Daily Postcard: The setting sun casts a dramatic scene across a sky full of clouds Wednesday over Los Alamos. Photo by Marc Bailey
Would you like to read more?Register for free to finish this article.Sign up now for the following benefits:Four FREE articles of your choice per monthBreaking news, comment and analysis from industry experts as it happensChoose from our portfolio of email newsletters To access this article REGISTER NOWWould you like print copies, app and digital replica access too? SUBSCRIBE for as little as £5 per week.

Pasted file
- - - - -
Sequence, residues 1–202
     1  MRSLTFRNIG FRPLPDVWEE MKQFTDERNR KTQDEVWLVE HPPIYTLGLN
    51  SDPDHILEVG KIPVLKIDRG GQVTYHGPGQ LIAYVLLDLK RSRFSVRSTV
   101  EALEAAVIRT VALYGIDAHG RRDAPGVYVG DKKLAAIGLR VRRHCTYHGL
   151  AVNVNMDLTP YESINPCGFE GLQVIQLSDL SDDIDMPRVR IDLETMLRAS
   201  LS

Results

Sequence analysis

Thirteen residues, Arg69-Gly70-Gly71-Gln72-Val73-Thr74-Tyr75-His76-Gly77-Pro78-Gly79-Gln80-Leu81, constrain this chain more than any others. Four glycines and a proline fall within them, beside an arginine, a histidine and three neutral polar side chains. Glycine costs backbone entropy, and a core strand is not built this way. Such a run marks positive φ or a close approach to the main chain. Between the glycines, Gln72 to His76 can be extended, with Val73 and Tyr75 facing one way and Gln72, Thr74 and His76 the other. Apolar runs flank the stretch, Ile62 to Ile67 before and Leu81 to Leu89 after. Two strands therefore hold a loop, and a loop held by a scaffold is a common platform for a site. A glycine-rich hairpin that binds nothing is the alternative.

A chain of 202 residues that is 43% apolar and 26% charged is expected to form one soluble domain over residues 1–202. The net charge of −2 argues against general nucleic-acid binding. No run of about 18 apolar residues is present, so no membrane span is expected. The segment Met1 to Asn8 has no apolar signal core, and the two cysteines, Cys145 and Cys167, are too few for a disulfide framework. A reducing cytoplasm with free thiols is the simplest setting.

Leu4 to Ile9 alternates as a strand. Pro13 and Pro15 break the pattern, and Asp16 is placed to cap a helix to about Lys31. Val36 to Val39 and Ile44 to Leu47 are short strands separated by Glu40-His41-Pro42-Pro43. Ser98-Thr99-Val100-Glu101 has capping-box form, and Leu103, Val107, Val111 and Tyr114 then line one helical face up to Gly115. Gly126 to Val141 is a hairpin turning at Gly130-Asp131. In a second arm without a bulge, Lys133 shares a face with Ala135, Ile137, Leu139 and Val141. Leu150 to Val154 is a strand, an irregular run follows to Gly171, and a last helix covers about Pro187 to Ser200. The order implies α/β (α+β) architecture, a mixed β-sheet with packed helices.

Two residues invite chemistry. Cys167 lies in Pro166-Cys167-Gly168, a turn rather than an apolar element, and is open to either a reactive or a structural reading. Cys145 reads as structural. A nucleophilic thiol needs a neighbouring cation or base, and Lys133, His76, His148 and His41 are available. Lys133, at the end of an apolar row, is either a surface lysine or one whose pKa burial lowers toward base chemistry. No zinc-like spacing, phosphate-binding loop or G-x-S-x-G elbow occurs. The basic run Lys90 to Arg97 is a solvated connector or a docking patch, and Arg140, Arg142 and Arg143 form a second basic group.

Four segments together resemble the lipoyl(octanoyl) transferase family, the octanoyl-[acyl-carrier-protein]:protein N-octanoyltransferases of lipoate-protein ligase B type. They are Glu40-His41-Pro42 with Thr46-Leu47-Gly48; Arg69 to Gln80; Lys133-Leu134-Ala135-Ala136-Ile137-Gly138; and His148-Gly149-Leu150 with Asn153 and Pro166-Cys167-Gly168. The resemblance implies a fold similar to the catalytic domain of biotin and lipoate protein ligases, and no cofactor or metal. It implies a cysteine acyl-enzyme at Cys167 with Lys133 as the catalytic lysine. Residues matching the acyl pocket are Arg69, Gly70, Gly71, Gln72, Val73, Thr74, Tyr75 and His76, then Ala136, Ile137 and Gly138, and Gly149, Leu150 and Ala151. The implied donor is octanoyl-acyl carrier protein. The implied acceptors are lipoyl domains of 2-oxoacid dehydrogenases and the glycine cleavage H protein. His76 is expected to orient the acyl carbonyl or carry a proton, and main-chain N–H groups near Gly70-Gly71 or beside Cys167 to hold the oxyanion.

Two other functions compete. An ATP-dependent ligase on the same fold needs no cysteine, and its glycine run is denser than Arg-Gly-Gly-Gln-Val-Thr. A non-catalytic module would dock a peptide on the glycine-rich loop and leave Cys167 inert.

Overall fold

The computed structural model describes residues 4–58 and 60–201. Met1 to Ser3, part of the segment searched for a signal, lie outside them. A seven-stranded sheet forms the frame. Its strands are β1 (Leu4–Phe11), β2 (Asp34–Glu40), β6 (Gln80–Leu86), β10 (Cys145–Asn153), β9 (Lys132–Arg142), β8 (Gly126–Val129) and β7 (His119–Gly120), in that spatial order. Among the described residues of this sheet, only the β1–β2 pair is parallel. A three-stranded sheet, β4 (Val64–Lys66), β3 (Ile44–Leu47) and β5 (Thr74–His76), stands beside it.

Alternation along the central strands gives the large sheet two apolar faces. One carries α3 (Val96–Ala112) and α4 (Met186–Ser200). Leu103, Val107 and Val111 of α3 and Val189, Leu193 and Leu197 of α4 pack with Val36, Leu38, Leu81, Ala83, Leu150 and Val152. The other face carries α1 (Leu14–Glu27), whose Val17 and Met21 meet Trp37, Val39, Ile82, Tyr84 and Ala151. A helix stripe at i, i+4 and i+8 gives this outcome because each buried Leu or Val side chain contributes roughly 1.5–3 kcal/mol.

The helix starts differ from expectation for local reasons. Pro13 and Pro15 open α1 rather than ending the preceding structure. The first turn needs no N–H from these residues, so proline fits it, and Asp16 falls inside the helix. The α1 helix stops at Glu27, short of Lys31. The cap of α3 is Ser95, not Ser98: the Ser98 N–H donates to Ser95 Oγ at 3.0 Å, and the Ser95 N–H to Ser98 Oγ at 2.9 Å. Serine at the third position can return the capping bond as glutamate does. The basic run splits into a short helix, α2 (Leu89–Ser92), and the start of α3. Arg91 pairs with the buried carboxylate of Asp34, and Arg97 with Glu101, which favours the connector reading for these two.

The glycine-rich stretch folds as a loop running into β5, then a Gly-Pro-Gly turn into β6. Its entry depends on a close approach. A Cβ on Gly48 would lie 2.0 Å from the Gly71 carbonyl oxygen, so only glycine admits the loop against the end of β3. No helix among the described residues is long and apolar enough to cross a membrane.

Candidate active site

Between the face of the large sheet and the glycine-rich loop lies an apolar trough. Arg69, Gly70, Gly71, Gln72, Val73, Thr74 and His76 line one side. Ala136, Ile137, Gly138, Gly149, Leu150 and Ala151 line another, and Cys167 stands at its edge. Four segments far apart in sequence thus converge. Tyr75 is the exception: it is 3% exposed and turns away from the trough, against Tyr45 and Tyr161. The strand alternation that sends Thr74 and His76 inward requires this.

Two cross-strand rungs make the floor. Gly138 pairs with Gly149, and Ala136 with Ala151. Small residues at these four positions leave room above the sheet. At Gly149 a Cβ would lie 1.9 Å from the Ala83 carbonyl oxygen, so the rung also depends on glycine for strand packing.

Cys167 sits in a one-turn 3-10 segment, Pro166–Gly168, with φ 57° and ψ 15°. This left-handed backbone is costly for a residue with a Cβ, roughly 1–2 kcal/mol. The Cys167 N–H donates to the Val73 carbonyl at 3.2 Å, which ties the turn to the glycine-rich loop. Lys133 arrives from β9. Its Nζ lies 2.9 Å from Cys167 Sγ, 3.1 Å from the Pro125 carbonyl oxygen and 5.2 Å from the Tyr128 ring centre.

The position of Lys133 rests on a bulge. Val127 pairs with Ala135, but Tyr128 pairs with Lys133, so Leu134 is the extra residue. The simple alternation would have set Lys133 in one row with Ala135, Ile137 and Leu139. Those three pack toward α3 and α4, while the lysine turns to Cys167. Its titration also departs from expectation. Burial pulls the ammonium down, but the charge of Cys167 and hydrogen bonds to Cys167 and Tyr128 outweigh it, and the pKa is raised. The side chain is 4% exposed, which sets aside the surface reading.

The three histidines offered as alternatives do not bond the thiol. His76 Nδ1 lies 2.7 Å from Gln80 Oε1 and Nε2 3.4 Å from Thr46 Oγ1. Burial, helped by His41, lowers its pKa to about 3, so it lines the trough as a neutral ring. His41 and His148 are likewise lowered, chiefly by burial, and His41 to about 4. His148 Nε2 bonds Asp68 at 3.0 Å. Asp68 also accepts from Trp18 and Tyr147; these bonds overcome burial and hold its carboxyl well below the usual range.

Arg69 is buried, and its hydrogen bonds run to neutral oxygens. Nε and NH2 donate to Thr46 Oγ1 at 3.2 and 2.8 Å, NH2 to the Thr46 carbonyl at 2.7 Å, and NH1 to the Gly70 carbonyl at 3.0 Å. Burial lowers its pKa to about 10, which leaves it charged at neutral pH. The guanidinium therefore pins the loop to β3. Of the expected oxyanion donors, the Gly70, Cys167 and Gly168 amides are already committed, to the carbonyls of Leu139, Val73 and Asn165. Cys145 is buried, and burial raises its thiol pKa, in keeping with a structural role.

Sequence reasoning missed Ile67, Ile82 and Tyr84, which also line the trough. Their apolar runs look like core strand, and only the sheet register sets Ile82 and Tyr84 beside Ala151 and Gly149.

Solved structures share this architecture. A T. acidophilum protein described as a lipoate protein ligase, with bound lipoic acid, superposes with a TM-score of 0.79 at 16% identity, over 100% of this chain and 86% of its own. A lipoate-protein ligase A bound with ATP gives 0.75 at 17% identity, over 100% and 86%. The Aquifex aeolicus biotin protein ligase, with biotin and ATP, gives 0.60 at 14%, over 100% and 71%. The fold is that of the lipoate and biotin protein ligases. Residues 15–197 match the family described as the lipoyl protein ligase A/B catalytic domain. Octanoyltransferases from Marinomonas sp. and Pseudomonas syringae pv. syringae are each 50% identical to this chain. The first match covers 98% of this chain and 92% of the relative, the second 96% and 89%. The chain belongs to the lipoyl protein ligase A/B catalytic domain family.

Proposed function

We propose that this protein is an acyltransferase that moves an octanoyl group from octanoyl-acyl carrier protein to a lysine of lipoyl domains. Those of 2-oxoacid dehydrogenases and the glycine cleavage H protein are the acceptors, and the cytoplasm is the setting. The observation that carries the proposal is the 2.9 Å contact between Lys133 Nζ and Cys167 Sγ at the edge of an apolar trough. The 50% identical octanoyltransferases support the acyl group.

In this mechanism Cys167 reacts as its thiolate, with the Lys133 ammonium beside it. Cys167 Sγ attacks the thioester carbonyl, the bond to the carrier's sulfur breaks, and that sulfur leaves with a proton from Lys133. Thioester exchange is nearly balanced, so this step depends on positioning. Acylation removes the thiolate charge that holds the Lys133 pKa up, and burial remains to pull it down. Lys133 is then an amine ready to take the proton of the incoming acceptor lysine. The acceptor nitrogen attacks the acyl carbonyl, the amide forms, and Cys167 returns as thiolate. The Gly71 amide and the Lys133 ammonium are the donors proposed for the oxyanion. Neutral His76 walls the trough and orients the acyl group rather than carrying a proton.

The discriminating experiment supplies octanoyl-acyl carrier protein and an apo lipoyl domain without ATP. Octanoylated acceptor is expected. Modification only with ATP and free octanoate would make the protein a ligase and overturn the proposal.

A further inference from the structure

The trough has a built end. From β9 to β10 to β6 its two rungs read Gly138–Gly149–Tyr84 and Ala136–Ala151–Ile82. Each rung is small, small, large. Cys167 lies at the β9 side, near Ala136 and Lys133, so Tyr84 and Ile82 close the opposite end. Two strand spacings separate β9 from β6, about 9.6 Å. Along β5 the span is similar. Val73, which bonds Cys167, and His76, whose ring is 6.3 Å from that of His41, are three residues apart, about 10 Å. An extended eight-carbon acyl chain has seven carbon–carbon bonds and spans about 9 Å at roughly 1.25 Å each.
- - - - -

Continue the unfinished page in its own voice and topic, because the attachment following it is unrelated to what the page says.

An East Hampton man is being held in county jail in Riverside, not eligible for bail, after his arrest following questioning by town police detectives on October 26. He is charged with six felony counts of grand larceny, along with two misdemeanor counts of possession of stolen property, and one count of criminal mischief. Christopher Metz, 43, allegedly targeted industrial and landscaping businesses, breaking into trailers and trucks and stealing almost $30,000 worth of equipment, according to the complaints.The earliest complaint from an alleged victim appears to date back to 2015, with the most recent being from March of this year. The majority of the felony complaints were made in 2017.Metz was not eligible to have bail set during his arraignment in East Hampton Town Justice Court before Justice Lisa Rana Saturday morning because he has two prior felony convictions.Among the numerous items stolen from various victims, police said, was a Honda 4500 power generator valued at $5500, a DeWalt table saw, a Hitachi jack hammer, a Stihl T750 concrete saw worth $1500, a Billy Goat aerator valued at $1400, and a Honda 2000 power generator listed at $1200. He is said to have targeted at least one site twice. Police said he hid some of the equipment he stole in a shed at his Oakview Highway trailer park residence, and some in the woods near the residence. He also admitted to selling some of the equipment, the police said, in Shirley.Detectives reportedly showed Metz a surveillance video during his questioning at headquarters in Wainscott that captured him carrying some of the stolen equipment as he was stashing it away. “Yeah, that’s me carrying all the stuff on Tan Bark Trail,” he allegedly responded.Metz is not unknown to East Hampton Town police. His two prior felony convictions that stemmed from East Hampton arrests, according to county jail records, were in 1995, when he was sentenced to 180 days on a robbery charge, and in 2004, when he was sent upstate to Ulster to serve one-and-a-half to three years on a narcotics possession charge. He has also been arrested numerous times on misdemeanor and violation charges in East Hampton. Metz was represented Saturday by Brian DeSesa, who was on hand as part of a state program that provides attorneys for weekend arraignments. DeSesa said that Metz wanted to waive his right to be released from custody if not indicted by a grand jury within five days, at least until his next court date in East Hampton, which is on November 8, when he will meet with and be represented by Matthew D’Amato of the Legal Aid Society. Waiving that right will allow D’Amato, in the meantime, to negotiate with the district attorney’s office and possibly reach a deal. If he had not waived that right to be released, and the case were to be presented to a grand jury, it is possible that more felony charges could be added, which would make Metz’s current legal predicament that much worse. email@example.com Share